The modern enterprise: permanently in a beta state

Fujitsu / October 7, 2022

"Let's go to 'the cloud' because it's cheaper." This is something we hear too often in many organizations. If money is your main motivation to migrate business functions to the cloud, then by all means don't do it. Innovation is a much better argument to do it.

Before I go on with my story: 'the cloud' doesn't exist. Just like 'the internet' doesn't exist. What does exist, are shared services, provided by third parties. Businesses purchase these services as Platform as a Service (PaaS) or Software as a Service (SaaS). The big advantage of PaaS, but especially SaaS, is that as a customer you don't really have to worry about the technical side of the service and delivery. The only thing that's important is whether the functionality meets the needs of your organization. The software and the underlying technical requirements are the responsibility of the service provider.

Free manpower for innovation

So why is this such a big advantage? Well, because it frees up manpower. Expensive manpower. By purchasing services subscription-based, an organization no longer has to maintain them itself. This creates space to do other things.

Some companies believe that manpower that is 'freed up' is no longer needed at all. The cloud, they argue, is therefore 'cheaper'. But that's a fallacy. Because by scaling down on human capital, companies also give up their power to innovation. It's quite simple: to innovate you need - good - people.

But... do you really need to innovate as a company? Well, yes, if you want to still be relevant in a few years. We live in exciting times, for any business. Customer demands are changing at a breakneck pace. It's up to any company to keep up, to listen to this changing demand and translate it to high-quality products and services. And still, that might not be enough. Many companies go the extra mile, by sensing what the customer demand is going to be and anticipating to that situation. If you do that, you are innovating.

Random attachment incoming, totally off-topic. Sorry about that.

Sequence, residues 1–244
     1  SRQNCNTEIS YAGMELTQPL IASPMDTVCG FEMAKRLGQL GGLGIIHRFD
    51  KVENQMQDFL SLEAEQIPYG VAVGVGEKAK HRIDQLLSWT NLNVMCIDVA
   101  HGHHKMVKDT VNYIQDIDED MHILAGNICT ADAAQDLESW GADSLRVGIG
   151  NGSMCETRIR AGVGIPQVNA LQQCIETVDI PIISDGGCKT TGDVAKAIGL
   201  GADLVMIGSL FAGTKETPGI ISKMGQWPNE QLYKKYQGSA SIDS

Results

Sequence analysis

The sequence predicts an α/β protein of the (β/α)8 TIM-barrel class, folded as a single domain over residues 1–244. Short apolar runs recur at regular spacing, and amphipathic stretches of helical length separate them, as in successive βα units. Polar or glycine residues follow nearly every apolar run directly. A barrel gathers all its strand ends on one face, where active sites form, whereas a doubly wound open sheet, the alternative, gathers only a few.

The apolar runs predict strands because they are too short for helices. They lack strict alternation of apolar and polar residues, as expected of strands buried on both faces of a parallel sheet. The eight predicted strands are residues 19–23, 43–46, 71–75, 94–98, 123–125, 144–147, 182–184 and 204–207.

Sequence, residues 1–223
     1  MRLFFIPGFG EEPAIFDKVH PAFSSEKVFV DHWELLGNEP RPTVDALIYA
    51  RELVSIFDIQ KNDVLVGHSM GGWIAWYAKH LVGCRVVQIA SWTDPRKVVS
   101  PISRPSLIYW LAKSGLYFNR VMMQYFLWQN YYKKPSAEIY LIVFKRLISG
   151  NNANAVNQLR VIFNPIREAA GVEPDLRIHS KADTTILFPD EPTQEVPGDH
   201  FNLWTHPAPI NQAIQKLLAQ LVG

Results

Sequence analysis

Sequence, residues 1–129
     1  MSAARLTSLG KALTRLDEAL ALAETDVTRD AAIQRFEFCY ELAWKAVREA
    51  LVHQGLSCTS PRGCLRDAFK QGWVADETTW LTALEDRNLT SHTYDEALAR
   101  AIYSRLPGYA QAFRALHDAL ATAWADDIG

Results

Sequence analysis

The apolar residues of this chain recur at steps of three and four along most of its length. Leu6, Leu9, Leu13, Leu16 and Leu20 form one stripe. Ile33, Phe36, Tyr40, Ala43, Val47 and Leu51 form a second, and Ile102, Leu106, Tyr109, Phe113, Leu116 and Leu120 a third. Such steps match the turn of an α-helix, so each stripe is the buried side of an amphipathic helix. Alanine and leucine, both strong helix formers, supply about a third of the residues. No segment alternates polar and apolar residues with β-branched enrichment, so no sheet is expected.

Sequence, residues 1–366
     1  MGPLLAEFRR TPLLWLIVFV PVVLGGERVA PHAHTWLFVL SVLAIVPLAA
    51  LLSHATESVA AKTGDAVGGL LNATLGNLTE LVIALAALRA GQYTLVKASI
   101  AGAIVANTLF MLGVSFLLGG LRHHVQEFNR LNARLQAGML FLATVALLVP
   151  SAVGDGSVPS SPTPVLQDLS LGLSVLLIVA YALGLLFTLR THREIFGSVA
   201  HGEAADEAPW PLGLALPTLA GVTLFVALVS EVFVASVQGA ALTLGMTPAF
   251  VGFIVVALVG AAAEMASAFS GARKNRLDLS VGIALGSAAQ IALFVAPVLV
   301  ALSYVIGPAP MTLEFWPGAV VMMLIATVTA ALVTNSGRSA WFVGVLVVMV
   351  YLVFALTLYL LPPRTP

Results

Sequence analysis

In fact, every company these days should be in a permanent 'beta' state. By constantly challenging itself: do our products still meet our customers' expectations? What is it that our customer needs tomorrow? Are we still relevant tomorrow? Capturing this 'Voice of the Customer' is crucial to any company.

This can even lead to products that the customer didn't even knew it needed. For example, Apple has grown beyond all dreams by doing the above. They managed to actually create a demand with their iPods and iPhones. This is something very few companies have succeeded in.

Removing burdens

The power to innovate requires brainpower. People. People who should not be dealing with the continuous maintenance of systems. That part should mainly be left to the systems themselves. This is the core idea of Site Reliability Engineering (SRE), a phenomenon introduced by Google. To be able to continuously innovate with new services, the company decided that it should automate standard processes as much and as far as possible.

If at Google, a new service requires too much maintenance and therefore manpower, the service is referred back to the drawing board and the engineers get the assignment to further automate it. This is how you feed innovation: to free up time for innovation, you will have to remove all of the toil. Cloud technology offers plenty of possibilities to do this, if used properly.

As long as you keep thinking about these questions:

• Why am I migrating something to the cloud?
• How do I make the best use of cloud services? (spoiler: a lift and shift from servers to cloud is rarely a good solution)
• What will it ultimately yield?
• Does it produce room for innovation?

OK, are we there yet?

No! The next challenge is scaling. Unfortunately, many organizations are unable to scale their innovations - products or services - well enough. It is also here where cloud technology shines and provides added value. We will go into more details on this in a future blog.

Do you wish to know more about Fujitsu's Multi-Cloud Service? Our research has found that there is a direct link between how organizations adopt cloud technology and the success of these companies. At this website you will also find other content like blogs and videos on how to become an adaptive organization. The Fujitsu Cloud Ambitions workshop can also be a good first step for achieving this.

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Jeroen Mulder
Principal consultant
Jeroen Mulder is principal consultant for Fujitsu and certified enterprise architect, advising, designing and guiding companies on their journey to digital transformation. Next, Jeroen is also active as author for various publishing companies such as Packt and Apress (Springer Verlag). Recent titles include books on multi-cloud architecture, enterprise DevOps and the digital transformation of healthcare.

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